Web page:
Being able to submit this document to a judge at the end of your divorce makes the most sense from a timing perspective. When the judges sign off on your final decree of divorce, wage withholding order, and any other documents that are related to your case you can also submit your qualified domestic relations order for the judge's review and approval. Once the judge signs the document you can send a certified copy to the plan administrator for whatever retirement plan needs to be divided. From there, the plan administrator can follow the plan language and rules when it comes to dividing up a retirement account.

Having two go about the process of having your qualified domestic relations order completed after your divorce comes to an end is a huge pain in the neck. You will have to track down the planned administrator, have your attorney draft the language, and then review it before the judge's signing period all of this could have and should have been done with time to spare during the divorce. Most of your divorce would have already been finished. Your final decree of divorce would have already been signed and filed. However, there is this there is the important matter of the qualified domestic relations order still outstanding which should have been considered months earlier.

You can begin to work on this step of your case sooner rather than later. Contacting the plan administrator for the retirement account early enough to get the plan language needed for your qualified domestic relations order is not all that time-consuming. Drafting the document even before you have negotiated a retirement plan is not a bad idea. You can simply insert this specific language on the division of the account once you know how the plan will be divided.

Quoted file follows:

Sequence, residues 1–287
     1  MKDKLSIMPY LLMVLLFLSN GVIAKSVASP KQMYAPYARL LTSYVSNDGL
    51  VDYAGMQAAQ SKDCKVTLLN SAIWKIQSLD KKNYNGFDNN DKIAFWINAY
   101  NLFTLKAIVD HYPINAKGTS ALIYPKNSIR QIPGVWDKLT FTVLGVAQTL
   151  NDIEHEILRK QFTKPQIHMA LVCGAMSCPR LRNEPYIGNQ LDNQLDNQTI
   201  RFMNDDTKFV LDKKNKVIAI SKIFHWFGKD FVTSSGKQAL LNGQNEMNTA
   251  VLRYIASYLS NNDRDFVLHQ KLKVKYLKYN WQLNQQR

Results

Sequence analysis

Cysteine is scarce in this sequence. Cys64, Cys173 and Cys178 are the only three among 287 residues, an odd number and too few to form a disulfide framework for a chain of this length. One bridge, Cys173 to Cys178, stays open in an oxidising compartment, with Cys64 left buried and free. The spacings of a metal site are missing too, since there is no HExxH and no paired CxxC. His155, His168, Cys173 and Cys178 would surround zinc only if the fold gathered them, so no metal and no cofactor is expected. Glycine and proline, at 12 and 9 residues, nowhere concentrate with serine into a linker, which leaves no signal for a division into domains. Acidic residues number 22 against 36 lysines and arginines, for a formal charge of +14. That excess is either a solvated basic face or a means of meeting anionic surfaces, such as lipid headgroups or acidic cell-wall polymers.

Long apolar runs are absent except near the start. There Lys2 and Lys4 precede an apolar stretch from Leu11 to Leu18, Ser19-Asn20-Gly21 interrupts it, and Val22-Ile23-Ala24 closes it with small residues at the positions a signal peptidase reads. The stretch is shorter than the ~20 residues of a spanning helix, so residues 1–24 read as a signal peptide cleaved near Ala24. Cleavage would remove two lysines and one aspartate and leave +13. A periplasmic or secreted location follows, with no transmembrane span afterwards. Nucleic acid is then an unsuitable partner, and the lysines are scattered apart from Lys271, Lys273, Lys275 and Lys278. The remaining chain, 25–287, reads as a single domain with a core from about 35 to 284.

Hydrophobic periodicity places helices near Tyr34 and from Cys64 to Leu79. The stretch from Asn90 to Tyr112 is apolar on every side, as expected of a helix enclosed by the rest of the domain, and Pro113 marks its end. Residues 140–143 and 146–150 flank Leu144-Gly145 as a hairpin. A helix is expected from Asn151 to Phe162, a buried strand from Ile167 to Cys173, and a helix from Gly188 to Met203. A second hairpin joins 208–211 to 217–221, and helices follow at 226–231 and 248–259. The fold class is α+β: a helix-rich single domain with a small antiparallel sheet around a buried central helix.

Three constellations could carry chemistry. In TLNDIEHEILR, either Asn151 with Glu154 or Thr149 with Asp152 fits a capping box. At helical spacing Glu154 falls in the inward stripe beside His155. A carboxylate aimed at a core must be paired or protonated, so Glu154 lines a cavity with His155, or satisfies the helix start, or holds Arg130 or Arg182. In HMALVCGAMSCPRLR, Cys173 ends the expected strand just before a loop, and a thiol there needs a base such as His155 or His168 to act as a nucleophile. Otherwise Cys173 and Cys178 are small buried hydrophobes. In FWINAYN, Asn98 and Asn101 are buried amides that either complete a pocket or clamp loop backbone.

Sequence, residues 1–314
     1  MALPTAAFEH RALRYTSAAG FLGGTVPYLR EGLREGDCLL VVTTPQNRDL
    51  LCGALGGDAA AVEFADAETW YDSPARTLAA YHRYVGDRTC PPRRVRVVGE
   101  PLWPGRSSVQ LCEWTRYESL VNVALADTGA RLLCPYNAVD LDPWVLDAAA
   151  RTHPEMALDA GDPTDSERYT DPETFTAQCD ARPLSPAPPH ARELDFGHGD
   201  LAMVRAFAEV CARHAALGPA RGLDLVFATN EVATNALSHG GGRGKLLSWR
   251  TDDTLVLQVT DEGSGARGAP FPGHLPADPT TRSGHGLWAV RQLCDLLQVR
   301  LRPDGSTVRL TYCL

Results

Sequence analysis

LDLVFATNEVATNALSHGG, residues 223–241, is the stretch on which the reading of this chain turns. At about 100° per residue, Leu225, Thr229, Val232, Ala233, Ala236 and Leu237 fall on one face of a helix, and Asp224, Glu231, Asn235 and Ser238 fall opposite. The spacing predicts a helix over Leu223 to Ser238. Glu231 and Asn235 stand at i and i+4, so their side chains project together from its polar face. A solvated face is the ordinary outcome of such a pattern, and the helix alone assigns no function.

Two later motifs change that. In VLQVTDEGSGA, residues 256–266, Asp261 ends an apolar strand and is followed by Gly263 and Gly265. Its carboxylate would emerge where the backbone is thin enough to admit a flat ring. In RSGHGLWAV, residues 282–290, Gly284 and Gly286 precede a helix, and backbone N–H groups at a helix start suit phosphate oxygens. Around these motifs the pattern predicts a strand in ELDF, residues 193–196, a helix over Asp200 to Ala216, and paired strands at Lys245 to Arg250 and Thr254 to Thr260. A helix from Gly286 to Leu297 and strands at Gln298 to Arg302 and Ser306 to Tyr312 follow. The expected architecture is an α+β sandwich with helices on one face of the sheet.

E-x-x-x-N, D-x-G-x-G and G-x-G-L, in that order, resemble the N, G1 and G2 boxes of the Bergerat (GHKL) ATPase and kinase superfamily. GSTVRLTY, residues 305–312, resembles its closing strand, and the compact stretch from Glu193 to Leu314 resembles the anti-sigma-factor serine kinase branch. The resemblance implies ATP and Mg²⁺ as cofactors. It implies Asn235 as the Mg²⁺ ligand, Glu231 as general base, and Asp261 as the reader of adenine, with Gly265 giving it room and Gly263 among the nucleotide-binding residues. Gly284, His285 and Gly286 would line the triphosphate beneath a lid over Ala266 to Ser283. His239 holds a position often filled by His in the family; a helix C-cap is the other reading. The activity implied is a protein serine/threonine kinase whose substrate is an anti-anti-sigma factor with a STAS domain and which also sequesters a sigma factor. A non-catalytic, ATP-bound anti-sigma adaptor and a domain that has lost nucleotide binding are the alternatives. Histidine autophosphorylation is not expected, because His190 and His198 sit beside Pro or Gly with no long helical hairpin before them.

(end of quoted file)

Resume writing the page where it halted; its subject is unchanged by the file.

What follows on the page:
Making the mistake of not understanding your finances

one thing that I have learned in my time as a practicing family law attorney is that every person and every family handles finances a little bit differently. What works well for my family may not work well for yours and vice versa. Everyone has an opinion on how household finances should be treated. Even if my wife and I have experienced success regarding personal finance that doesn't mean that I need to necessarily share my opinions on the subject with you during your divorce. It simply is not the time or place for that kind of discussion. As such, it can be difficult to bring up the subject of personal finances especially if you and your spouse are both somewhat clueless about the subject.

On a general level, you should have an understanding of what your household finances are heading into the divorce. From a short-term perspective, understanding what your household bills are as well as your income can help you prepare a budget for your divorce. The budget is a key tool to attack any divorce as it helps you understand where your money is going and ultimately will tell you how to direct the limited resources you have. Thus, you can feel better about the money that you spend and not exactly how your funds are being utilized. This is as opposed to wondering where your money is going each month.